Delays, Cost Overruns Found in Audit of New Jersey Transit Rail Operations

New Jersey’s state auditor found serious issues with how the New Jersey Transit’s runs rail’s operation, from on time performance goals to cost overruns in installing a federally mandate safety equipment that is behind schedule.

The report states the auditor found “weaknesses related to the timeliness of NJT efforts to implement federally required rail safety technological initiatives as well as the monitoring of vendors contracted by NJT to design and install those safety initiatives.”

Auditor Stephen Eells characterized NJT documentmentatiion to prioritize the repair or replacement of some bridges as not adequate, with main components determined to be in poor or bad condition. 

Report Findings

In an executive summary of the report, major issues facing NJT include:

  • NJT is behind schedule on its federally required safety system installation of Positive Train Control (PTC), and it is debatable whether NJT will meet the full implementation deadline of December 31, 2020.  
  • The initial budget for the PTC installation totaled $225 million. As of September 2019, the total budgeted PTC project costs are $500 million including an initial consultant ($41.4 million), a contractor ($210.3 million), a new consultant ($47.4 million), and other costs totaling $200.9 million (including in-house). 
  • NJT has not collected approximately $9.1 million in contractually allowable liquidated damages from the PTC contractor as of September 2019.  
  • A total of 174 of 679 railroad bridges owned by NJT had at least one of its main components assessed as poor or bad. A total of 47 of the 174 bridges have not been included on NJT’s repair plan.  
  • Manpower and equipment shortages contributed to NJT Rail Operations not achieving its ontime performance goals. We noted that 38 percent of the delays during calendar year 2017 through May 2019 were due to circumstances that may have been preventable by NJT.

Auditors believe NJT is so far behind schedule on its federally required safety system installation of Positive Train Control, “it is debatable whether NJT will meet the full implementation schedule of Dec. 31, 2020.” 

Failure to meet the Dec. 31 deadline to have Positive Train Control tested, certified and running could bring commuter trains to a halt, unless NJ Transit decides to keep running them and incur fines of $27,000 a day, according to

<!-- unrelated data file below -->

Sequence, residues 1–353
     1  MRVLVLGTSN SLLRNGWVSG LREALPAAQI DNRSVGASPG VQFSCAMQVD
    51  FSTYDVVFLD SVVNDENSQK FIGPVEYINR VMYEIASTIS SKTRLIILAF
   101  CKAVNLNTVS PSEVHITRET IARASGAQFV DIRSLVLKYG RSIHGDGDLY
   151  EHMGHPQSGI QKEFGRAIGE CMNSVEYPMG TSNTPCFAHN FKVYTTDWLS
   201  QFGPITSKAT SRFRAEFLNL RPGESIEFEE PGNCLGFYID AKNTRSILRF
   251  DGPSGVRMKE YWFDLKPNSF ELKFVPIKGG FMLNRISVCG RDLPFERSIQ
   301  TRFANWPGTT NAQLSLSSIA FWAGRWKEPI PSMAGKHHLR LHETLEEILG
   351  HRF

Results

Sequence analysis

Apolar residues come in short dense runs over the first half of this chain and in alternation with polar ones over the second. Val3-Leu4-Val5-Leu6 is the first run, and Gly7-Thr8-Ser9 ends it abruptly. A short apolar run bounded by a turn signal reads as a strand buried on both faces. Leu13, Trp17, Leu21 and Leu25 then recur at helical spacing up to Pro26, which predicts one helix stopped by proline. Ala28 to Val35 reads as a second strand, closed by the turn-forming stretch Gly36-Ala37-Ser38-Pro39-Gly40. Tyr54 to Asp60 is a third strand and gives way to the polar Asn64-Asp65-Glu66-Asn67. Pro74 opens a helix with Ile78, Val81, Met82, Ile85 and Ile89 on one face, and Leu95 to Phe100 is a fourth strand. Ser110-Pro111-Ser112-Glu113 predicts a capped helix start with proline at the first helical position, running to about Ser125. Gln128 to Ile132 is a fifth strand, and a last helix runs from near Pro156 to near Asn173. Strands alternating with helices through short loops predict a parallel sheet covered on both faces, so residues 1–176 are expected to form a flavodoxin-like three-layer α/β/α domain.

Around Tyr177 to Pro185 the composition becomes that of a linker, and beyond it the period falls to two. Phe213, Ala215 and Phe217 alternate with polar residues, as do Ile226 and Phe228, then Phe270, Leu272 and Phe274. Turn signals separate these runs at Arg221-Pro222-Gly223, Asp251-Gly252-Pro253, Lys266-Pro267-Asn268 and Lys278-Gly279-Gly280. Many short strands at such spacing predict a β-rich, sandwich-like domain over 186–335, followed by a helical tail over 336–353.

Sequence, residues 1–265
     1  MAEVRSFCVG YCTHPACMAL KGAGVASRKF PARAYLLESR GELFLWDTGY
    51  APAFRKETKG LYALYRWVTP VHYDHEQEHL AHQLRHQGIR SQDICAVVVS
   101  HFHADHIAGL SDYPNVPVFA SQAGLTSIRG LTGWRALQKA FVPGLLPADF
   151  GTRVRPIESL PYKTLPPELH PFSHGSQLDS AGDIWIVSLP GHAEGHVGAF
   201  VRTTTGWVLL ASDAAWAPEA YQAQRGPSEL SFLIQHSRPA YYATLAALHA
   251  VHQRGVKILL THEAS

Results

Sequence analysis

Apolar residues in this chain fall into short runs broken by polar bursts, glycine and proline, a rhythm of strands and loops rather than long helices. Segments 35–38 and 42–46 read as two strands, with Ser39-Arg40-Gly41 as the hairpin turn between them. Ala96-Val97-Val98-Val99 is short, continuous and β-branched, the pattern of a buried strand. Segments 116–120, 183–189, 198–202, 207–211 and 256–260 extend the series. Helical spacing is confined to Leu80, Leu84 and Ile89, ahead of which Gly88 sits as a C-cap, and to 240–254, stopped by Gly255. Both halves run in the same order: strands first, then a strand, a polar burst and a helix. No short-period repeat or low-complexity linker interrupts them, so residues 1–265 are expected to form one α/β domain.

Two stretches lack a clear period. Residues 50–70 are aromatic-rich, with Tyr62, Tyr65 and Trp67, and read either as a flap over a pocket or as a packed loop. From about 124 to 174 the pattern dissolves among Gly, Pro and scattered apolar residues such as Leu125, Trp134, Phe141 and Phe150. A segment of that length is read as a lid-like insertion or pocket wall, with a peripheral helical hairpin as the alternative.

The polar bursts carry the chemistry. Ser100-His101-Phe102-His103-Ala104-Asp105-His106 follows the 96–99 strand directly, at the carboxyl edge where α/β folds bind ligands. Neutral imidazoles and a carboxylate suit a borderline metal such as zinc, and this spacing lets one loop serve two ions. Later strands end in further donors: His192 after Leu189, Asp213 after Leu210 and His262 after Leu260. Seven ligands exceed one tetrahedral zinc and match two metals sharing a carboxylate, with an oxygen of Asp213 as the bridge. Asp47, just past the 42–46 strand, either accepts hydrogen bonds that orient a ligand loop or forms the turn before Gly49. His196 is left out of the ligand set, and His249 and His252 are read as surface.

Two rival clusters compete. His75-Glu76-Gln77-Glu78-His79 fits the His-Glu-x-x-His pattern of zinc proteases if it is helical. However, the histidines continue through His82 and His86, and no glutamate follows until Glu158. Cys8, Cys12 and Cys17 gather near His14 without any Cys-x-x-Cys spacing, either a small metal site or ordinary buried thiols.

Agency Response

A response included in the report by NJ Transit President and CEO Kevin Corbett stated the agency plans to address the issues raised, while challenging others.

NJ Transit has submitted a revised schedule to the Federal Railroad Administration for PTC testing in regular service to start in the first half of 2020 to account for the software delay.

Meeting the deadline is a top priority for Corbett who promised to hold contractors accountable in providing “the deliverables required to comply with the…federal Dec. 31, 2020 deadline for PTC implementation.”

The auditor’s report determined the budget for installing PTC had nearly doubled to $500 million. The auditor wants NJT to improve monitoring of its PTC vendors and hold its consultants and contractors accountable for the failure to meet project milestones in the contracts.

Bridge Dispute

On the bridge issue, NJ Transit officials replied all bridges inspected met federal standards and are safe for rail and road traffic. Officials said bridges are prioritized based on several inspections and that list is updated annually. 

“All NJ Transit owned bridges are safe,” Corbett said.

Issues that contributed to rails delays, specifically crew shortages are being addressed. Of the 9% of trains that didn’t meet NJ Transit’s 91% on-time performance goals, Corbett said 62% of them were caused by reason outside NJ Transit’s control, such as Amtrak issues, bad weather or police activity, Corbett said.

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